PASSING THROUGH: SPOKANEOriginally posted on January 23, 2020 at 4:20 am by Aaron Theisen
Mountain bikers may be forgiven for overlooking Seattle’s smaller east-side sibling; the second most populous city in Washington and the largest city between Seattle and Minneapolis, Spokane (pronounced Spo-CAN) has managed to stay off the radar of ride destinations.
But over the last two decades, the riding community has quietly built an enviable trail network, anchored by the state’s two largest parks and the decade-old Conservation Futures program, a wildly popular property tax measure that has saved thousands of acres of pine forests and grassy hillocks from development.
Out-of-towners may also be forgiven for expecting Spokane to match the rainy reputation of Seattle. In fact, the city, which sits at the eastern edge of the arid sagebrush steppe, windswept and scoured by ancient floods, that makes up most of the state, receives only 17 inches of precipitation a year—half the national average. And the volcanic, fast-draining soil on which eastern Washington has built its breadbasket bona fides also means that trails can stay rideable nearly year-round.
Spokane might play second-fiddle to Seattle, but its riding is first-rate.
Begin at Beacon Hill Park, ten minutes northeast of downtown. Since the 1990s, trail builders have been stitching together trails across the two knuckles that compose this mix of city and private land. Although the sandy singletrack strata documents twenty-something years of trail-building trends, it’s the granite slabs that have earned Beacon a reputation: from otter slides on up to walls where you’ll work to avoid buzzing your fanny pack on your back tire.
From Camp Sekani Park on the east side of Beacon, ascend Upchuck, the name of which belies its pleasant grade. Or, from Esmeralda Golf Course on the west side, climb Esmeralda (locally known as “Ezzie”). In total, the two portals access some sixty named trails, with Ezzie favoring slabs and Sekani offering the bulk of the area’s modern flow trails.
With a top-to-bottom elevation difference of no more than 600 feet, Beacon’s network of short interconnected trails is popular for lunch laps and after-work rallies. For a big day, head to Mount Spokane State Park, a 40-minute drive from downtown.
The largest of Washington’s state parks, Mount Spokane sprawls across 13,000 acres and more than three thousand feet of vertical, from subalpine meadows at the top to dense, mossy cedar forest at the bottom. And, with a road to the summit, it’s an easy shuttle if you prefer to save your energy for the descents.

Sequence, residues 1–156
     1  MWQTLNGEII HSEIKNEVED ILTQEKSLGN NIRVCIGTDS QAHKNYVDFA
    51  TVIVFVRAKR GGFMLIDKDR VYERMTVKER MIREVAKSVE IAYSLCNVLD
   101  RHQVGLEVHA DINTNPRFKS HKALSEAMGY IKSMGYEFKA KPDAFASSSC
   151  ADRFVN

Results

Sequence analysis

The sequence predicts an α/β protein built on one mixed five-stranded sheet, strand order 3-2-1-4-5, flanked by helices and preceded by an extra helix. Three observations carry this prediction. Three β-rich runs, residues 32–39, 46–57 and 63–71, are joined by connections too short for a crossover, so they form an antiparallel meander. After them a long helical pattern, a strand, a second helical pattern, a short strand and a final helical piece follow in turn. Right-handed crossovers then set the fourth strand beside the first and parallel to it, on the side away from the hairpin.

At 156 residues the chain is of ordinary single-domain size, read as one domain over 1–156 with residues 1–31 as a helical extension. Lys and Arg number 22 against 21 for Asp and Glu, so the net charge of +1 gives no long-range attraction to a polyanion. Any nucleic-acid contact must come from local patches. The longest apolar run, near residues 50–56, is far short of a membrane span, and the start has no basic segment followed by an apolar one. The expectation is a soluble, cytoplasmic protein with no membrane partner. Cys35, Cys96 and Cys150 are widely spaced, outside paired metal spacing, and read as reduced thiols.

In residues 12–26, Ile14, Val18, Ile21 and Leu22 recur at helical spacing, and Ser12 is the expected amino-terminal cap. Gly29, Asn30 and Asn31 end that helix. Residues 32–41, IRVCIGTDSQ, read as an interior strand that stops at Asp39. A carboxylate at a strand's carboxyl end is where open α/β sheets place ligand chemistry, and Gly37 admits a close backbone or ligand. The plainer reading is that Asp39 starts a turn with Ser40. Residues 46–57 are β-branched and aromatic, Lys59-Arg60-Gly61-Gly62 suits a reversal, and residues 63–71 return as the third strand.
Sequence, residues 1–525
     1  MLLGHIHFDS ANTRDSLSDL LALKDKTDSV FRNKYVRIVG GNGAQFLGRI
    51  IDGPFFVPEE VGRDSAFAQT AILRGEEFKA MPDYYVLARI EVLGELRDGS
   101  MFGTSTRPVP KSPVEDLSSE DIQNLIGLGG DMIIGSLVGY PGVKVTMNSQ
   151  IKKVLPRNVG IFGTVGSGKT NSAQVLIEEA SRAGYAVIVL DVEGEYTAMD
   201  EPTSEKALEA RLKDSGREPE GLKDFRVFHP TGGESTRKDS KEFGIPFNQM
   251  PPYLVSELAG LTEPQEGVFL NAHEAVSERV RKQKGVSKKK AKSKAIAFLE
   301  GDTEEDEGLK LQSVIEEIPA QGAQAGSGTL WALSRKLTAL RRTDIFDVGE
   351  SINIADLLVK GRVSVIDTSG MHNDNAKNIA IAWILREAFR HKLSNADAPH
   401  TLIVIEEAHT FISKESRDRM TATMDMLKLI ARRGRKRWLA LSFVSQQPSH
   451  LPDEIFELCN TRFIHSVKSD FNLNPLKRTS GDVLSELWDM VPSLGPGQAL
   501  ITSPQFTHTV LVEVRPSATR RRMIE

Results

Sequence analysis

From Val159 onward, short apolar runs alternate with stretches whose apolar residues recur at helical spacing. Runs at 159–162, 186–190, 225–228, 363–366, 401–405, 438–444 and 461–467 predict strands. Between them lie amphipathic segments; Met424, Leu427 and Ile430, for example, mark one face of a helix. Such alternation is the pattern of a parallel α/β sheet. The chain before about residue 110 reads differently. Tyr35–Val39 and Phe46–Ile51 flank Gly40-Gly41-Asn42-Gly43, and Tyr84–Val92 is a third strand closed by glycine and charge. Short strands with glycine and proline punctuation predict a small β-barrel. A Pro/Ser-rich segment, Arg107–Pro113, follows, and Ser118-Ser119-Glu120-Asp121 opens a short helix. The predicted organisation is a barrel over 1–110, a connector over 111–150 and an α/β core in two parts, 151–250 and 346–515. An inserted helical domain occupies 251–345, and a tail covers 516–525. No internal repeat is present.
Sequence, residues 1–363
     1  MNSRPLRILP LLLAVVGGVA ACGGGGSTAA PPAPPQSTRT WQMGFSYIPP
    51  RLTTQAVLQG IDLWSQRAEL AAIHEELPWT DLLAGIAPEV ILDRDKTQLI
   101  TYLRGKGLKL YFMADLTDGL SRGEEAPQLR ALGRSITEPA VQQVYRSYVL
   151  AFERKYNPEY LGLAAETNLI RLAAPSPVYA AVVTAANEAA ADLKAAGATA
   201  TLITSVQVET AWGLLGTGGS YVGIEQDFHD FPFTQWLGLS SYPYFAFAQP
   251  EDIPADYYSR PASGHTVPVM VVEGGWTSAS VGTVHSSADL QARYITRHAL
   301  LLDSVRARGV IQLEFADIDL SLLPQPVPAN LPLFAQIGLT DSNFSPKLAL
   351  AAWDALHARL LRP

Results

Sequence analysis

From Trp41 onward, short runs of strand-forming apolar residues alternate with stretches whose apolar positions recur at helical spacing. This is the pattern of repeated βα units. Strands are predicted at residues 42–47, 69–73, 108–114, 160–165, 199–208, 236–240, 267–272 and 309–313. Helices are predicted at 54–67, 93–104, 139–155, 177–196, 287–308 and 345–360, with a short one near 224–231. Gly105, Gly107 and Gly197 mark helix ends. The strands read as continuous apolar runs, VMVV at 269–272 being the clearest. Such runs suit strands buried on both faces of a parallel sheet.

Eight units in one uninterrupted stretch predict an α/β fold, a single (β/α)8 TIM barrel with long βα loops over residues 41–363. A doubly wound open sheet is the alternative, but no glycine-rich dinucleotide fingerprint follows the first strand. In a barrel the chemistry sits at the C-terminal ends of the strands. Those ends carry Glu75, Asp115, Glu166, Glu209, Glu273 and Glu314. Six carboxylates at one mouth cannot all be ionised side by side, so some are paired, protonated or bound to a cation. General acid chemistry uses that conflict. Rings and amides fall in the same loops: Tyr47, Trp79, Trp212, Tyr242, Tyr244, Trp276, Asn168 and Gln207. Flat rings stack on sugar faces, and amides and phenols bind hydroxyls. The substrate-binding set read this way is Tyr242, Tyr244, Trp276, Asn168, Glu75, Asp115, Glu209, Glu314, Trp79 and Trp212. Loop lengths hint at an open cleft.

From the top, drop into Trail 140. It’s a six-mile, 3,000-foot descent that traverses talus fields on the state park’s ski runs, enters the trees for smooth, high-speed turns and then finishes with steep root drops and the narrow, knuckle-shredding Jedi Trees of the bottom section. From a parking area halfway up the mountain, The Goods trades some of Trail 140’s steepness for trail features—off-camber root sections, berms and side hits—over the course of its three miles and nearly eighteen hundred vertical feet.
Wheelsport has served the Spokane bike community for 50 years—that’s roughly a century in bike-shop years. Even better, Wheelsport’s South location houses Pathfinder Café, which offers coffee, healthy smoothies, a variety of gluten-free and vegan baked goods, and local beer and cider on tap. With gear, bike repairs and the pre- and post-ride essentials covered, pretty much the only thing they don’t offer is to ride your bike for you.
EAT AND DRINK
Spokane’s chefs take advantage of the region’s close proximity to Washington’s farm country. For atmosphere, few can match the speakeasy-style of Hogwash Whiskey Den; try its cheeseburger, complete with battered and fried square of cheddar. For street tacos, that post-ride staple, head to Cochinito Taqueria. A salted margarita rim is the best way to replace electrolytes.
Washington’s wheat finds its purest expression at Dry Fly Distillery, which helped birth the modern craft spirits scene. But it has stiff competition in newcomer Warrior Liquor. Your best bet: stop in to their respective tasting rooms for small-batch whiskey and vodka, neat or in a craft cocktail. Meanwhile, the colonial-era recipes at Liberty Ciderworks bring out the tart snap of Washington apples.
Words and Photography by Aaron Theisen